Short-eared Owls mainly hunt during the daytime, flying barely above the ground over moorland, grassland and salt marshes searching for voles, which are their favourite food. Their 'ears' are two feather tufts that you can only see when they are feeling grumpy or alarmed. You are more likely to see a Short-eared Owl in the winter as northern European Owls join ours on coastal marshes and numbers swell.
The Short-eared Owl is larger than a Barn Owl with a round face and fierce, staring yellow eyes surrounded by black rings to make them look even fiercer. They have a mottled brown body, a streaked breast, and a pale belly and flanks. Their wings are long and narrow with black tips and a dark mark at the 'elbow'. Their short tail has four strong bars. They hover and glide with a few floppy wing beats, feet above the ground. The Short-eared Owl gives a short bark when alarmed but is otherwise silent except when singing its low hooting "boo boo boo" song. Like many raptors, the female is slightly larger than the male and a lot bossier.
Their main food is small mammals such as rats, mice, squirrels, and small rabbits. Short-eared Owls will also eat birds up to Thrush sized and insects and frogs if pushed, but their favourite snack is voles which make up to 65% of their diet. They catch their prey by swooping down feet-first on top of them. Like all Owls, because of the low acidity of their stomachs, they can't easily digest bones and have to eject them as pellets.
Short-eared Owls are able to breed after one year. In spring, the male attracts a mate by doing an aerial display above his moorland territory, clapping his wings below his body and showing off. The nest is a scraped-out hollow on the ground lined with grass and downy feathers, concealed by low vegetation. Mum lays her 4-8 white eggs in March. They are spaced out over several days so that the youngsters hatch at different times. If food is short, only the oldest and strongest survive. The young owlets are fed by both mum and dad. After 15 days they leave the nest to hide nearby until they can fly 35 days later. Breeding success depends crucially on how many voles there are. On a year with plenty of voles, they may even have two broods.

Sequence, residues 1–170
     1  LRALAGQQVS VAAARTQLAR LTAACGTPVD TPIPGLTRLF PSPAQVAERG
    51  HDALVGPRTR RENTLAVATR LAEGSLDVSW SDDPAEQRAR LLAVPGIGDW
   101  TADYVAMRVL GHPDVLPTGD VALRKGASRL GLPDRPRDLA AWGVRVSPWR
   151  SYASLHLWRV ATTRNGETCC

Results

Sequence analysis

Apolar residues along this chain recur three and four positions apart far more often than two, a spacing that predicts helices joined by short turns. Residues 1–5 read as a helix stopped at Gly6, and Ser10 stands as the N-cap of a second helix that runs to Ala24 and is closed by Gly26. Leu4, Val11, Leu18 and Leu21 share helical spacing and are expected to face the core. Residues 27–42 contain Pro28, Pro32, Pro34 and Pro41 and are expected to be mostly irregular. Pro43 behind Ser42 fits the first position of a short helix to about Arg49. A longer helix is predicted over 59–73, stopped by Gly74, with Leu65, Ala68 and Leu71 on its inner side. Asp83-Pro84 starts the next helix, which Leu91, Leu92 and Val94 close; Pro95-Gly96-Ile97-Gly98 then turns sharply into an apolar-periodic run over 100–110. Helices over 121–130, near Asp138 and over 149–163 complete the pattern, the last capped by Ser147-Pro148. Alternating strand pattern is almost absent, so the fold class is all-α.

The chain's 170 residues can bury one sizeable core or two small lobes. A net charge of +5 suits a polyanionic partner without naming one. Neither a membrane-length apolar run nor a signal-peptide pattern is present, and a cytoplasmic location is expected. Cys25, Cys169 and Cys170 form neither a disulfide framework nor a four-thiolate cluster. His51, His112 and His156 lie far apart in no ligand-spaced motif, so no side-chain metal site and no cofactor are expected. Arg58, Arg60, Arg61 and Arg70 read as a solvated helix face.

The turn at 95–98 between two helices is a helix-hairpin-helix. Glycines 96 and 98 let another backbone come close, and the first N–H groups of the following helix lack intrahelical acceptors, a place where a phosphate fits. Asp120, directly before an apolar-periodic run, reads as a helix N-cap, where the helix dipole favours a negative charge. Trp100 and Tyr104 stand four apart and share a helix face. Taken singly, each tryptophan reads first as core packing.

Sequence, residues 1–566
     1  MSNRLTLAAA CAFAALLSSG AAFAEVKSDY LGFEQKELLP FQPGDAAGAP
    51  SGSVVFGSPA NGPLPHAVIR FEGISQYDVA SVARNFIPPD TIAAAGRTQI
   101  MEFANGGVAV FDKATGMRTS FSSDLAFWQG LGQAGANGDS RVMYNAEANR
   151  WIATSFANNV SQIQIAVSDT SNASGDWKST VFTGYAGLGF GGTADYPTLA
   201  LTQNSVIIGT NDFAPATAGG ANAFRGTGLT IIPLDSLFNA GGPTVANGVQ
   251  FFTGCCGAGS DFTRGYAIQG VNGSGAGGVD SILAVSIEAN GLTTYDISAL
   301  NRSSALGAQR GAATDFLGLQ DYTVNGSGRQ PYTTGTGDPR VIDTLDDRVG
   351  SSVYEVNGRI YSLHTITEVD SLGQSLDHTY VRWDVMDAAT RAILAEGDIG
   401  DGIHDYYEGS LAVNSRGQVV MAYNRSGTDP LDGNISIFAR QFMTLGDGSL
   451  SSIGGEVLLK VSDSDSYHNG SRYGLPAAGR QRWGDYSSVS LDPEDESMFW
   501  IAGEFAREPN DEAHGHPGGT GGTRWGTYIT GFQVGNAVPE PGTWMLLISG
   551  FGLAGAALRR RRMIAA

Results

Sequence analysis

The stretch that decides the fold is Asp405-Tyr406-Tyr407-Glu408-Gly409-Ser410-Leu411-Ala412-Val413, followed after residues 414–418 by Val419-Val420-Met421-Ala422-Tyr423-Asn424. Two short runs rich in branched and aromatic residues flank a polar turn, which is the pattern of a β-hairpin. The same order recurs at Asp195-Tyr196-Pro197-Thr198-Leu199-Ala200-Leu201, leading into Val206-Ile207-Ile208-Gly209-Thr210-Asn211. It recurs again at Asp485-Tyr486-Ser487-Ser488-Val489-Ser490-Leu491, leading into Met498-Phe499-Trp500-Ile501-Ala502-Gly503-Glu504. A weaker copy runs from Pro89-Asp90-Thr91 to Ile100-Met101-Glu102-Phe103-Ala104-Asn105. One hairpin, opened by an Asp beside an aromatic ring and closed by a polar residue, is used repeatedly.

There are about 2,000 pairs of Short-eared Owls in Britain and the population is stable. Numbers increase in the winter, especially on the coast, as Owls come over from northern Europe to join ours. Some of our Owls may move south to southern Europe. Winter numbers can fluctuate depending on food availability. Because Short-eared Owls are of European conservation concern, they are Amber Listed. The oldest ringed Short-eared Owl lived for 12 years.
Their Latin name is 'asio flammeus' where 'flammeus' means 'flame coloured' and 'asio' is the Latin name for a horned owl. We call them ears rather than horns but the flame colour is spot on. There are eleven subspecies of Short-eared Owls worldwide.